And then when I read the rest of the synopsis I became intrigued and interested in reading it. As I haven’t read many books based around the Civil War era, I’m interested to see this take on it and how it plays out.

Overall, my first box from Bethany Beach Books (aka, The Book Drop) was a fun one and I’m excited to see what the next month will bring.

Have you ever received a box from The Book Drop? Have you read this book? If so, what are your thoughts? Let me know!

Top Ten Tuesday: Historical Settings I’d Love to Read More Of

Welcome to another Top Ten Tuesday as hosted by the lovely people of The Broke and the Bookish. Today’s topic is all about the past and the future, and for mine I chose the past. I wanted to share some historical settings that I’ve never really heard enough of in books – or books that I’m drawn to. So here are some of the historical settings I’d like to read about:

  1. Ancient Romans – I mean, the Roman Empire was a very vast and powerful empire way back when, plus they’re rich in culture, so I would really love to read a YA book or other book that takes place in this kind of society. It wasn’t always about war, but I know that it did happen often.
  2. Ancient China – Again, rich in culture, very powerful, many different facets of society… I’d love to read about a story from the perspective of a young emperor or a housemaid or something.
  3. Atlantis – Okay, so maybe Atlantis never existed (or did it?), but I would still love to see some cool concepts come from writing something about this land of advanced technology and why they were wiped out. It would seriously be cool.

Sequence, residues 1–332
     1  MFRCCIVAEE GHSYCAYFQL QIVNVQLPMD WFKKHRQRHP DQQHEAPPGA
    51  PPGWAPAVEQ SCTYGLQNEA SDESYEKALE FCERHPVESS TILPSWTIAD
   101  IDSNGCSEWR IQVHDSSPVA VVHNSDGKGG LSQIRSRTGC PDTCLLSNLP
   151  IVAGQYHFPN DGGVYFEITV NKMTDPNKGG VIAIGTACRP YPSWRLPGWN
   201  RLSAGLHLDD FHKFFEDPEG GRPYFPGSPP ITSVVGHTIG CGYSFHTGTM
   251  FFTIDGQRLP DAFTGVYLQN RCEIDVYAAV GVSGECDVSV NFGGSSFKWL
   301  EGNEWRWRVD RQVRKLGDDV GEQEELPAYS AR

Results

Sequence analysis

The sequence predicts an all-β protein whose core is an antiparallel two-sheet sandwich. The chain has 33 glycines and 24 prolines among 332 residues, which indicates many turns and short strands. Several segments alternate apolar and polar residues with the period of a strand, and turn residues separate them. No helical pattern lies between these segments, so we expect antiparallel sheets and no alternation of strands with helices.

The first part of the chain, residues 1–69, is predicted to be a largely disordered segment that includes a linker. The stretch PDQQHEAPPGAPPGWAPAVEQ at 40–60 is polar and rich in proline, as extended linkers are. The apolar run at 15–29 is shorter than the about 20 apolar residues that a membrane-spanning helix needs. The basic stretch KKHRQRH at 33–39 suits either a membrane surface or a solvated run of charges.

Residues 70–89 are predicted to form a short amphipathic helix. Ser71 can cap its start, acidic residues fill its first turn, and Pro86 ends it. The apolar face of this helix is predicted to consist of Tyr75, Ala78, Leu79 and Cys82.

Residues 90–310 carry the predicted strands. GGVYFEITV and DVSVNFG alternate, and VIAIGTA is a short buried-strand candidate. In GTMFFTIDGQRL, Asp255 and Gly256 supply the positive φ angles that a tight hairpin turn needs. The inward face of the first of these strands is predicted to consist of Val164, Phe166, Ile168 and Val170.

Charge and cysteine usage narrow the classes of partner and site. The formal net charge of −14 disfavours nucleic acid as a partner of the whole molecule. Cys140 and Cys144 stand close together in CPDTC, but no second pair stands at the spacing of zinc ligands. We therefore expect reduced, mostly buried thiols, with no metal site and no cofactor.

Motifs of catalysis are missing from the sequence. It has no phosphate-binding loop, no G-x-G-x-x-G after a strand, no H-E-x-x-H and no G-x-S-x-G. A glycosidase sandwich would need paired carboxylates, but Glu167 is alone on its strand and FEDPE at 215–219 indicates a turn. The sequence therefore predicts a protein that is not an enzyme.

4. Renaissance Italy – I know there are a few novels here and there that taken place during the time when Leonardo da Vinci, Raphael, Michelangelo, Botticelli, and so forth lived. It was extremely rich in culture and art and history and I would love to see some political scandal, or a young Michelangelo, or something!
  5. Industrial Era America – We don’t really see too many of these when industrial technology was just being introduced to the states. Of course, this is also the time when child labor laws didn’t exist and children as young as six worked in dangerous places, so… I can see why that would be a turn off.
  6. The 1920s-30s – This was a time of glam and I’d love to see something happen during this time. It was between the two World Wars, so it could have been a time of peace. What happened then? Someone get creative and tell me something!
  7. 1800s England – You know people love the Victorian era, right? The dresses, the high society, the changes in how things were run… I think that it’s because it was a transitional time, but I’d really love to read more novels that take place during this time.

Honestly, I think that’s it! A lot of these times and cultures are really fascinating to me, and I’m sure there’s plenty more, but these are the ones that stick out the most.

What historical settings would you want to read more of? Let me know!